She has learnt many sorts of art. And that shows in her home. Turn anywhere and you can’t miss her decades-long fixation with art. The space is steeped in a riot of colours with a varied array of artworks vying for attention from every nook and cranny. Be it knitting and embroidery or traditional doll-making or fabric painting, her raw materials include not just the usual paints but a wide range of art and craft materials including cotton, plain cloth or any shining material — everything finds its way into her wide scope of art. This Weekend Star Supplement features an 80-year-old creative person whose exquisite and intricate works defy her age.
By Sreekanth Datta
Women are machines for suffering,” Picasso told his mistress Françoise Gilot in 1943. Indeed, as they embarked on their nine-year affair, the 61-year-old artist warned the 21-year-old student: “For me there are only two kinds of women, Goddesses and doormats.”
It is a fact that many male artists have drawn obsessively and immensely productively on the faces and bodies of their wives and lovers. Despite this, women have been embroiled in a constant struggle against stigmatisation and persecution by the society for centuries in the name of culture and tradition. Due to historical suppression and gender bias in the art world, sadly a lot of women painters go unrecognised during their lifetime and beyond.
Art has always been one of the most widely used mediums for expressing oneself in the form of paintings, sculptures and installations since ages. While fields such as science, tech, cinema, architecture, politics and tourism are still dominated by men, art is the only field led by more women than men and those women occupy myriad roles.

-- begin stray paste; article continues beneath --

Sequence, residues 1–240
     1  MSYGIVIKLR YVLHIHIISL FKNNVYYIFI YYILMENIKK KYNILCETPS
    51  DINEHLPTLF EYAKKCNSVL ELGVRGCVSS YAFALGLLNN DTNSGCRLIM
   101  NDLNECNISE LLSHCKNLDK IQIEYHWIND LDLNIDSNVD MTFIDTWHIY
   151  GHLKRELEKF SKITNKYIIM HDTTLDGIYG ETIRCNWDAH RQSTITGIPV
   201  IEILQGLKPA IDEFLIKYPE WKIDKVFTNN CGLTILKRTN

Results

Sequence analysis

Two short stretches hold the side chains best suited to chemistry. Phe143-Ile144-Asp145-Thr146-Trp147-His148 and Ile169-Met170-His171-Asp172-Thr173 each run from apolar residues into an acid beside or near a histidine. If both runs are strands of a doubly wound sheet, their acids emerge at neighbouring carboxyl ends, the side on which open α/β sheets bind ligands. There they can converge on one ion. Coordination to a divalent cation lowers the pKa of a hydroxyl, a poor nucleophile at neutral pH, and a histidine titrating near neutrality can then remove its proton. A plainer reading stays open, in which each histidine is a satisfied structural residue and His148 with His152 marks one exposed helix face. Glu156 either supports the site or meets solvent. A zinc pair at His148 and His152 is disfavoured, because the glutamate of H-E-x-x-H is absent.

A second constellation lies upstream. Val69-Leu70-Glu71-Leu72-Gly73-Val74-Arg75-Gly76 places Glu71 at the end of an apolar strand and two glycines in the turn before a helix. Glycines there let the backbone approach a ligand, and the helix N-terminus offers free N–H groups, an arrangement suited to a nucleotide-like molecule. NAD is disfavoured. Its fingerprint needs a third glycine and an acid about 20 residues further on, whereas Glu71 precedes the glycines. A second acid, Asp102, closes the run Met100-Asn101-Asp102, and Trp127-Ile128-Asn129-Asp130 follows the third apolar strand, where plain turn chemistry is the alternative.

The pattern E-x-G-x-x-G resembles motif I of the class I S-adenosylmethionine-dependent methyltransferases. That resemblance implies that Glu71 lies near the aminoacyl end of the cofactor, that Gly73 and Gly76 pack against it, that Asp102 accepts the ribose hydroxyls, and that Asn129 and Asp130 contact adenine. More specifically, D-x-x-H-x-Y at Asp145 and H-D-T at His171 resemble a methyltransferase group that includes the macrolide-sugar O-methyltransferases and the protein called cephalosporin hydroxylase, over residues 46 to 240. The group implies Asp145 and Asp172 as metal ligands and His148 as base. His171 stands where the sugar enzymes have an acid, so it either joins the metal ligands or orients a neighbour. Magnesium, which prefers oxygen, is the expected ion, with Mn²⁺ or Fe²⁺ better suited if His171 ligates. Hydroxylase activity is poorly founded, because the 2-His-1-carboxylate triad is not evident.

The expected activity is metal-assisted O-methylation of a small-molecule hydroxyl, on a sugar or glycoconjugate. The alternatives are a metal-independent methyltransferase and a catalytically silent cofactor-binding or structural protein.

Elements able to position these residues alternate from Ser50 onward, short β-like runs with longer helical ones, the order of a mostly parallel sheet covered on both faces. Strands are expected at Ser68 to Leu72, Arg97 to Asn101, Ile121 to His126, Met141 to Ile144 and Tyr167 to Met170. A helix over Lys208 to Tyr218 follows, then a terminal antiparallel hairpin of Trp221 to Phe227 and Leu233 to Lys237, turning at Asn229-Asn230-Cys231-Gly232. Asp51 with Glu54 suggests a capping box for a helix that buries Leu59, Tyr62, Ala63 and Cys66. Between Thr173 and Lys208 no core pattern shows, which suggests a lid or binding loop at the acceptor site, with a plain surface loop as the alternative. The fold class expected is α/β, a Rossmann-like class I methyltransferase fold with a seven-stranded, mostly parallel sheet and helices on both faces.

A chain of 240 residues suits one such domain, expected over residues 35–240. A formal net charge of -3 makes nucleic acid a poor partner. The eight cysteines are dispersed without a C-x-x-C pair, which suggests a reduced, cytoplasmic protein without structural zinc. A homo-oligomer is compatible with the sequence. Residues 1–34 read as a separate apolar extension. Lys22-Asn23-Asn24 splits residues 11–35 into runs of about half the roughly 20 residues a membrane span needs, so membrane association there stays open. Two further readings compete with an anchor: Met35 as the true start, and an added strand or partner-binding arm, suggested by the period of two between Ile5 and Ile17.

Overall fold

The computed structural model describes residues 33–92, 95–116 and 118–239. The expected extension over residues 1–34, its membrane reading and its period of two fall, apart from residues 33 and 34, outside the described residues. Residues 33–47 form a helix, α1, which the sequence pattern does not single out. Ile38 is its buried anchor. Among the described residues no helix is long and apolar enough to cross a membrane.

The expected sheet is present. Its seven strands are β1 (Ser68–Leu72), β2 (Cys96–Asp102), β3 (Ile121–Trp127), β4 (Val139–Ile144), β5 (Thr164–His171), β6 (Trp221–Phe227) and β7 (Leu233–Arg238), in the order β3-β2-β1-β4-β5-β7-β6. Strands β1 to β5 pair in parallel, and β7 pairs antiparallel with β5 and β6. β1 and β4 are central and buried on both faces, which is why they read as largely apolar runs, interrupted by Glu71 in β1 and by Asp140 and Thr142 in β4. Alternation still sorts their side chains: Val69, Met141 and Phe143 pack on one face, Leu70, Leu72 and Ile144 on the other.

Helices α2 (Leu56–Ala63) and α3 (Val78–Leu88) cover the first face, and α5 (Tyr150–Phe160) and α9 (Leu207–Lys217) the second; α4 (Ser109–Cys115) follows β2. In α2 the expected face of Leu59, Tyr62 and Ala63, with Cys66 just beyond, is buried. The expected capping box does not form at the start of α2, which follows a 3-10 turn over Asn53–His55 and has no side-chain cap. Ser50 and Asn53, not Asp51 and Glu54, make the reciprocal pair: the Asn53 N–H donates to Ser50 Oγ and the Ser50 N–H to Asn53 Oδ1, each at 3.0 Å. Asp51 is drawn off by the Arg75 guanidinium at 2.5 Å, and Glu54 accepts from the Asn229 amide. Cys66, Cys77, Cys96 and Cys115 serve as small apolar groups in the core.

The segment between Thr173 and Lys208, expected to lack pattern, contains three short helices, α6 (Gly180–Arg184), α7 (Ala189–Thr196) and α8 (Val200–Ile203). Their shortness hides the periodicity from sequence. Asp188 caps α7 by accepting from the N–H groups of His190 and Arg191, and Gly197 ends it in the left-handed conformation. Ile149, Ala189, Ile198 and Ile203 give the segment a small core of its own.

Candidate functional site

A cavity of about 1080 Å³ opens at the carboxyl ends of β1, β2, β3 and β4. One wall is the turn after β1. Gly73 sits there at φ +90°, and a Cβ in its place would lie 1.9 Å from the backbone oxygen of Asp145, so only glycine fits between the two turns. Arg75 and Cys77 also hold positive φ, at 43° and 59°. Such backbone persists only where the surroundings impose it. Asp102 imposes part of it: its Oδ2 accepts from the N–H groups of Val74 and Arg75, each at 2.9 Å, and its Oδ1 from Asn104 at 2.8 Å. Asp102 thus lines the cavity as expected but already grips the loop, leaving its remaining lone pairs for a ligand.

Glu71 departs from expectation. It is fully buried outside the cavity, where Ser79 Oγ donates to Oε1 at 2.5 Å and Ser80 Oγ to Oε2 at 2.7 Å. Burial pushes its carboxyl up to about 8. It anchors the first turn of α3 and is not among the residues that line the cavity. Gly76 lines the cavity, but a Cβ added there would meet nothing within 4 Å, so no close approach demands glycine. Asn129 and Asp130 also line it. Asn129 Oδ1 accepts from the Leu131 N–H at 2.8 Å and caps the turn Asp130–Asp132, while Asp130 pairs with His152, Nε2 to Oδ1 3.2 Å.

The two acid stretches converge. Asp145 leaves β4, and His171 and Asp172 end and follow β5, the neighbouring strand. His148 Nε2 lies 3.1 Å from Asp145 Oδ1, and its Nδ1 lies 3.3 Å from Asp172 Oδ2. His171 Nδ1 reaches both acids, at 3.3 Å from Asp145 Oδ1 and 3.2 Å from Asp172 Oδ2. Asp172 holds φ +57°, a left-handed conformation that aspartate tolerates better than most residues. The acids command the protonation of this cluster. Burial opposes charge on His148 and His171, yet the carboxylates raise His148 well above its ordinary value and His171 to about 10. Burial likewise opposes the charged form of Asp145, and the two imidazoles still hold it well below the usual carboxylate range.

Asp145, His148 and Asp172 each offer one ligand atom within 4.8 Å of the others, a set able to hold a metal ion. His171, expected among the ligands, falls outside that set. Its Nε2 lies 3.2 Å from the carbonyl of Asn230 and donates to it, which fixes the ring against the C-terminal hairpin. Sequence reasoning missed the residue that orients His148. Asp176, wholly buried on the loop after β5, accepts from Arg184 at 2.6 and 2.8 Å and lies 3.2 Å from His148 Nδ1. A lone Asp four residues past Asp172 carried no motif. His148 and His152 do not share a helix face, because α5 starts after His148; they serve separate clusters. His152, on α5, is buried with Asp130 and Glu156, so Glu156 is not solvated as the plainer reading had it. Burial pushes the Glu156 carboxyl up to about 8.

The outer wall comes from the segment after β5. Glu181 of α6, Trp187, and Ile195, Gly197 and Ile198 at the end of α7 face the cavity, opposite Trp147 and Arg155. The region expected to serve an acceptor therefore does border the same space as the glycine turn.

This is the age where people — both men and women irrespective of age — have become mobile or television addicts. Be it content-streaming platforms or checking updates on social media, we are lost in that world. And we proudly defend these indulgences as an escape route from a packed entertainment-free schedule. Smart phones have turned all of us into Pavlov’s dogs but here is a person who is different from others.
While we are hooked to our gadgets, this elderly lady, Leelamma, picks up some raw cotton wool and starts making a variety of Gejje Vastra (hand-made cotton garlands) and Hubatti (lamp wick). She continues doing it day and night for weeks and months together.
If at some point she feels like stopping, Leelamma picks up another craft which may be knitting and embroidery or traditional doll-making or fabric painting. From the past many decades, she has involved herself in such tangible and meaningful activities which have fostered her creativity and innovation. She is so active and spirited that it has kept her youthful and healthy.
Leelamma, a multi-faceted creative personality, has loved and lived her life with passion. Even at her current age of 80 years, she continues to have same passion and enthusiasm. “My mother keeps herself busy all day. You name any decorative work, fine art, design or craft, from patch work, stuffed toy making, traditional doll-making like Radha-Krishna, crafts made of jute fabric and coir to machine embroidery and knitting, my Amma is an expert. We even conduct classes at home,” says her daughter Mani Shekhar.